What most excites you about going to work every day?
The fact that we are on the cutting edge of care. Having lived through the 1980s and ’90s, I saw friends acquire AIDS and, within a few short years, they were gone. There was no hope then. Now, patients can take medication daily to suppress it and live healthy lives, and on the horizon is an injection that can be given once a month or once every six months, and it will do the same thing. And then hopefully, there will even be a cure. But really, the treatments we have available to us now are almost as good as cures. The life expectancy of someone with HIV who is in treatment is almost the same as anyone else’s.

What makes Evergreen a great place to work?
The organization truly cares about the people that we treat and want to make sure everybody who needs these services has access to them; it is at the core of Evergreen. We have a pharmacy that will work to make sure patients don’t have high copays for even the hepatitis C medications. For people who want to be on PrEP, we will work with the pharmaceutical companies, with copay cards, to make it so that it is accessible. And it doesn’t matter who you are or what you look like. If you walk into the waiting room at Evergreen, you are greeted with a smile. All patients are embraced and welcome. It’s just a place of great hope.

If you had to sum up Evergreen in one word, which word would you choose?
What’s one word to say a force for change? Let’s see. Changemakers. We’re changemakers.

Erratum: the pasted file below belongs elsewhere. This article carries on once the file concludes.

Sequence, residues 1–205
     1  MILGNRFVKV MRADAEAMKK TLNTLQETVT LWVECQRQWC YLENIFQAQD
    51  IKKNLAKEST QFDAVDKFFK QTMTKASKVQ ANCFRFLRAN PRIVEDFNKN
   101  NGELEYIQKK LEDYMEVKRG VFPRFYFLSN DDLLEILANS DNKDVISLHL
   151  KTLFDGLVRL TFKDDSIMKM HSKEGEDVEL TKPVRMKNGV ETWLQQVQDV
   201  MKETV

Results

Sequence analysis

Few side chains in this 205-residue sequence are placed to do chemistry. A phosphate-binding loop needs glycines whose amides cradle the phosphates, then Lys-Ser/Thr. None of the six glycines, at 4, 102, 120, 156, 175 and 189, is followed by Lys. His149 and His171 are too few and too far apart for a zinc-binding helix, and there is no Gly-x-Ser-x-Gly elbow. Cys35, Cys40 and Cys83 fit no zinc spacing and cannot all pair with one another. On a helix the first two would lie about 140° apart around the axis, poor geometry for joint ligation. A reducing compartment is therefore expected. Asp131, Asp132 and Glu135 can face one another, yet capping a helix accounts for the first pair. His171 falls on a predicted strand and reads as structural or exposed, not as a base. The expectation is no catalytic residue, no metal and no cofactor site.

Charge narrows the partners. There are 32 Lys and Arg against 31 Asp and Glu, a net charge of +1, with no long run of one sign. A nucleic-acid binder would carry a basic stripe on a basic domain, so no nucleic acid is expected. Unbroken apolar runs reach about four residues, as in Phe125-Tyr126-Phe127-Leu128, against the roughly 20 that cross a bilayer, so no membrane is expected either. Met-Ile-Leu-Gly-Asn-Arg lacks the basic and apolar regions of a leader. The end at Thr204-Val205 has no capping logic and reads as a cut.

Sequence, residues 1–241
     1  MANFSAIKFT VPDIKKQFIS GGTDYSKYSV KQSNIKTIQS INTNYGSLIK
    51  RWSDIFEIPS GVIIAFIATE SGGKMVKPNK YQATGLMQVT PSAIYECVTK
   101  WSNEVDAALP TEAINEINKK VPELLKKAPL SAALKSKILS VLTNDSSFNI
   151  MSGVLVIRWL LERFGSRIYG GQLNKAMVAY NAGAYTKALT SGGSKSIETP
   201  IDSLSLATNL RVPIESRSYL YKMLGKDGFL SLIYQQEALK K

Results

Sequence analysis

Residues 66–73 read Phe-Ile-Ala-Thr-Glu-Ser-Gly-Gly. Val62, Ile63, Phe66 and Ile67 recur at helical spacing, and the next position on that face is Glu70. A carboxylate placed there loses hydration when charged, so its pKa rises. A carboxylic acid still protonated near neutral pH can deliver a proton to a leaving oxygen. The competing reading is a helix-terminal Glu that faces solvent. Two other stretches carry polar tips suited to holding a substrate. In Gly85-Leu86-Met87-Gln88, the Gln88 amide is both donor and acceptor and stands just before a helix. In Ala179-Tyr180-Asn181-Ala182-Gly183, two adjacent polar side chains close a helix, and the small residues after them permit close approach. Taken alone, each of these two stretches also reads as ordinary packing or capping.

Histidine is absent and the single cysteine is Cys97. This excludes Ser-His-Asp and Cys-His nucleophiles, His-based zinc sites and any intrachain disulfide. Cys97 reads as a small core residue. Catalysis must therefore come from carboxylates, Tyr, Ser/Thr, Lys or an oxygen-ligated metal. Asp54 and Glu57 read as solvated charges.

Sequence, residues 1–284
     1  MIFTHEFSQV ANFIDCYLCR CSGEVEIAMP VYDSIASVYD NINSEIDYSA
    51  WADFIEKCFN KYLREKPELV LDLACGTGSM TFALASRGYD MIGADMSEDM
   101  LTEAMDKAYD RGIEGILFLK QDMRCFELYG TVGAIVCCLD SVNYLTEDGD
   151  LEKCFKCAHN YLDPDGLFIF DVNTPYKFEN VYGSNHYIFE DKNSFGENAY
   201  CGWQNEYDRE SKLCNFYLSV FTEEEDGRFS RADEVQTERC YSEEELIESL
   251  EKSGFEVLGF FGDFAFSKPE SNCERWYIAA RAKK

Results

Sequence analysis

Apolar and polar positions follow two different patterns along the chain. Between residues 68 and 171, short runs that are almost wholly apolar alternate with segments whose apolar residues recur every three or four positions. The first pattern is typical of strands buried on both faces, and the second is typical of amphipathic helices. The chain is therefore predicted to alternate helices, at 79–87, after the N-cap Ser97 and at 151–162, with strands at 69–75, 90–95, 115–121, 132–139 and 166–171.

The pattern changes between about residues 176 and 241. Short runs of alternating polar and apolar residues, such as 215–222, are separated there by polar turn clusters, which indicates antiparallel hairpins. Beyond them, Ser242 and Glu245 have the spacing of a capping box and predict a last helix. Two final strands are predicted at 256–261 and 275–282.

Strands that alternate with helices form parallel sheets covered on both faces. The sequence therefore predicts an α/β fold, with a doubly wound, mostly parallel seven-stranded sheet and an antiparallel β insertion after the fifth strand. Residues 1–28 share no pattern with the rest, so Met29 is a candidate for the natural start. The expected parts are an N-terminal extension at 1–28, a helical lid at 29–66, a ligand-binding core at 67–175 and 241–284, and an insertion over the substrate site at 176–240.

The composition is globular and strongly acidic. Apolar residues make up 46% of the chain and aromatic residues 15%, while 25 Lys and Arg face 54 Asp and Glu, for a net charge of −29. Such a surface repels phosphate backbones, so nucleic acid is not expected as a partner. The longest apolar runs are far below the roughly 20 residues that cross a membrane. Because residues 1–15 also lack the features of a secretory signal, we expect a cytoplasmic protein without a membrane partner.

Your daily contributions to that change must be highly rewarding and super challenging. What do you do outside of work to take care of yourself?
I love to cook. All four of my grandparents were Swedish, so I make things like cardamom bread and apple pies; Swedes love their sweets. And in what seems practically like another life, I was a music major, so I love to sing. I sing in our church choir. My husband and I also spend time on Lake Erie. I like to watch the sun set, see the different cloud formations. That’s my chill-out place.

A singer, baker and a nurse — you’re practically a triple threat! Tell us, how did you go from being a music major to a nurse practitioner?
When I finally went away to college, I realized there were other aspects of life and learning that I enjoy, like science. So, I came back to Jamestown and got an associate degree in nursing and then built upon that until I had my master’s degree, and I’m doing what I’m doing now. In some ways, it was a shift from thinking with the right side of my brain to the left side of my brain, but I think here at Evergreen, I integrate both, especially when it comes to reading emotions. If you walk into a room with a patient, and you’re thinking only with the left side of the brain, it’s not going to work. You’ll never get through. So, one way or another, all those years of music lessons and studying voice, somehow, it’s playing into what I’m doing now and making me a better nurse.

Evergreen is lucky to have you, Shirley! Thank you for all the compassion you bring to our patients.